One look at Melini Jesudason's Instagram and you might wonder whether she was born a yogi, but rest assured, those insane pretzel poses came with a ton of hard work and dedication, not to mention necessary soul searching. She was carving out a path for herself in the finance world when she decided to shift gears entirely and dive headfirst into yoga—not an easy decision, but definitely a rewarding one. Now, she teaches yoga at the Alo store in Soho and sees the practice as so much more than just time spent on the mat. It's a reflection of how she views the world and, most importantly, her own journey. Get to know Melini, below, then power up your practice with her favorite songs to flow to.
How did you first get into yoga?
My mother was an avid Ashtangi for years and my aunt is a well known teacher in Australia. I had grown up dancing, and they told me that yoga was a more sustainable practice, but at that point I found yoga boring! So it was only much later that I started taking classes at Equinox. I love teaching there since it's where my practice began.
You made a pretty major shift from pursuing a career in finance to focusing on yoga full-time. Tell us about the moment you decided to pursue the practice and become an instructor.
I believe in destiny and that we all have something guiding us even though we might not know how certain decisions will change our life or why a decision is important in that moment. When I signed up for teacher training, I had no idea if I would teach at all. I simply desired to learn more about yoga and deepen my practice.
People didn’t believe I was seriously leaving finance to start over completely. For a while I had been dating someone who was an investment banker too, and he literally told me he “didn’t sign up to date a yoga teacher.” The fact that I was no longer making the same money really bothered him as well. So I had to let go of a lot of things. And there was a really long period of self-doubt when I made that shift. Even though I was the same person, in fact, a better, more connected and courageous version of myself, all of a sudden people who I randomly met assumed I was much less educated and intelligent because of my job title.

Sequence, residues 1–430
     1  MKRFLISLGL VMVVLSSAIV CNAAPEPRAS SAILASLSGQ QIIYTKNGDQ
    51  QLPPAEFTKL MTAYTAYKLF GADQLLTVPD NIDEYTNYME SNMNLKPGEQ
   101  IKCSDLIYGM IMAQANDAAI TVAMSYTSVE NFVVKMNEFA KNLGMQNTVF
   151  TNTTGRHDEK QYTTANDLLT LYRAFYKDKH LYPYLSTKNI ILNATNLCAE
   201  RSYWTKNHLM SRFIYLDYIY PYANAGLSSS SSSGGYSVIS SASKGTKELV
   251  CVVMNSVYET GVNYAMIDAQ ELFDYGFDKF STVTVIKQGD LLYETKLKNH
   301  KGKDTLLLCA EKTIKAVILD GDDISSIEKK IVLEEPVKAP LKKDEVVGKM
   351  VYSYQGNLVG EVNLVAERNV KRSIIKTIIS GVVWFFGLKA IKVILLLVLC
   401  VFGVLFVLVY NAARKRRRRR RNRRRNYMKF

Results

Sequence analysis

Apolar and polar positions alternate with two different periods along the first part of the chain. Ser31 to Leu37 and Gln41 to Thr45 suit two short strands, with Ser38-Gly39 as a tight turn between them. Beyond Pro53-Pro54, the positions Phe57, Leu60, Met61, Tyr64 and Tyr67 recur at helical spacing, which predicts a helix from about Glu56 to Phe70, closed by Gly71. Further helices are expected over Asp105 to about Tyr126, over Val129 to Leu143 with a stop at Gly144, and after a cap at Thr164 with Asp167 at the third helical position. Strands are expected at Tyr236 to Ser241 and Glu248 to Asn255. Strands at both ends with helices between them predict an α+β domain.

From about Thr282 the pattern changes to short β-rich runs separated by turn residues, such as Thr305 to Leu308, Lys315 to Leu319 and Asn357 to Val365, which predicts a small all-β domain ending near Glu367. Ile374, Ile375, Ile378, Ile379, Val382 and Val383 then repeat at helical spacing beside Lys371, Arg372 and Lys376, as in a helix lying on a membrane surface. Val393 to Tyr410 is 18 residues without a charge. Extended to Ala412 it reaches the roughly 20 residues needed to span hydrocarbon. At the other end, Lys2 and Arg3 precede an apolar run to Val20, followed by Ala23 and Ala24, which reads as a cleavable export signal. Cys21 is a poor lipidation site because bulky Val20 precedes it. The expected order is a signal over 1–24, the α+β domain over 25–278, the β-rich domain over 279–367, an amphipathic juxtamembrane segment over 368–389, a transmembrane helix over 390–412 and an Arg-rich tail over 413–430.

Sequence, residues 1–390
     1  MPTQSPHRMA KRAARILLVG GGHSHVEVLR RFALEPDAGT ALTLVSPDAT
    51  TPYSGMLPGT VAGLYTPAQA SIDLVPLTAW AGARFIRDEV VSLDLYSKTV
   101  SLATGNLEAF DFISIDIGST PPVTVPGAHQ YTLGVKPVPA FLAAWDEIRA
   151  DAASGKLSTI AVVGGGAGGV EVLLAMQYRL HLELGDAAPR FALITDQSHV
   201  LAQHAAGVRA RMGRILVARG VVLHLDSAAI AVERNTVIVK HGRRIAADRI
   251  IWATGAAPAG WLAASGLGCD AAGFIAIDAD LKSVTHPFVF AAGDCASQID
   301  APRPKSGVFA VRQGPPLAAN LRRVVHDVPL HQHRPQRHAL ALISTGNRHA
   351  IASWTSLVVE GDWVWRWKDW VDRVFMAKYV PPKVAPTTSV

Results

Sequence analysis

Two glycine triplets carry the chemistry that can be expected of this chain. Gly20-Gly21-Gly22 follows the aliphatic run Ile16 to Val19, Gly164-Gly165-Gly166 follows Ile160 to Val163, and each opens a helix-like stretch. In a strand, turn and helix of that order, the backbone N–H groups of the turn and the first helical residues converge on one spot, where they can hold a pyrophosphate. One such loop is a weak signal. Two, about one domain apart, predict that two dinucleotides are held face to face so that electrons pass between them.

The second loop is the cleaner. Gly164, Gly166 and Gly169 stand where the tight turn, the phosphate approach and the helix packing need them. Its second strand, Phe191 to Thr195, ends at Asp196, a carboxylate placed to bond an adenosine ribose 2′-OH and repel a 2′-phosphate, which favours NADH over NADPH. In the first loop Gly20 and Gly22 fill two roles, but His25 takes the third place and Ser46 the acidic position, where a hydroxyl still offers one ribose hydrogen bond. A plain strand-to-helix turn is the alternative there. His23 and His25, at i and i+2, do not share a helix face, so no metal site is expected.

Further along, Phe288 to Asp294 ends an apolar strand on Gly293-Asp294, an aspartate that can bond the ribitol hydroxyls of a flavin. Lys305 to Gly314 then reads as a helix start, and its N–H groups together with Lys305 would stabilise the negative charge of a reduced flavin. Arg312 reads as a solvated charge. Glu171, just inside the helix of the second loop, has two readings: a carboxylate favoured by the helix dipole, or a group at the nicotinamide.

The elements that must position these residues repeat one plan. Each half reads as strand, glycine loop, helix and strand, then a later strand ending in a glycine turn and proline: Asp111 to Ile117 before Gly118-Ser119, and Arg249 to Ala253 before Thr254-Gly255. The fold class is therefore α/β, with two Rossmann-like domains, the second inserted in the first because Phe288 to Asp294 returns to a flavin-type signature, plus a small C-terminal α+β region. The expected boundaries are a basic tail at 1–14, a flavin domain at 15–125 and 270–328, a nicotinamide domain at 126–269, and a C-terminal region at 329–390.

What was the biggest takeaway for you from your teacher trainings?
I think I was still a baby at yoga when I left my teacher trainings! After my first training I really didn’t feel ready to teach, so I did another 200-hour immediately after, and then a 300-hour after that. And I’ve done two more 100-hour trainings and a couple of 30-hour assists trainings as well. Each training brought me to a different place in my teaching, but I think the biggest takeaway is that there is still so much more to learn. I am always a student on the path. I think teaching a full schedule every week for years is what really made me a better teacher. You can’t learn that in TT.
You’re teaching at our Soho studio! What can newcomers expect when they take a class with you?
I teach different classes at the studio—more mellow, stretchy Yoga for Athletes, Dynamic Flexibility classes and Float and Fly classes that build strength and balance. I hope no matter what class people choose, they will leave feeling really good inside and out and that their time was well spent.
You were born in Tokyo, and you grew up in New York, Sydney and Singapore. Where do you consider home?
The energy, the vibrancy and the diversity of New York is definitely home for me at this point. I love traveling, but flying back and seeing the New York skyline makes me emotional every time!
What has been the biggest challenge you’ve faced in your yoga practice and how did you overcome it?
Practice for me isn’t an hour on my mat. My practice is every waking moment and even when I’m dreaming. It’s being aware from moment to moment. To become a calmer, kinder version of myself. To be more at ease and to be more myself, and more intelligent in my body and mind. To be authentic and ok that not everyone will like me or agree with me.
Who or what inspires you in your practice? Favorite Instagram accounts?
All of the Alo yogis inspire me in their own way. Dylan Werner’s practice inspires me. He is a kind soul and a skilled teacher and his captions are always thoughtful. Paul Nicklen is inspiring as an artist and a human being.
What was your last “yoga” moment outside of yoga?
I think the yoga moments come every day; they don’t have to be profound. I think part of the yoga is knowing that there is magic in everyday life and to be grateful for that. But for me it’s really to feel everything, and to really sit with those feelings and appreciate them instead of avoiding things or becoming numb to them. Feelings of impermanence, loss, sadness—all of these waves are a part of life. Becoming more flexible and supple in the mind to accept life as it is is something I work on every day.
Favorite asana? Why?
I would have to say handstands. As an Ashtangi I love the repetition and consistency of each series, but for a long time finding strength was more difficult than being flexible. And it took real consistent training with a coach to get to where I am. So there’s a feeling that my hard work paid off, and I’m further along in my practice than I knew was possible for me, which is rewarding.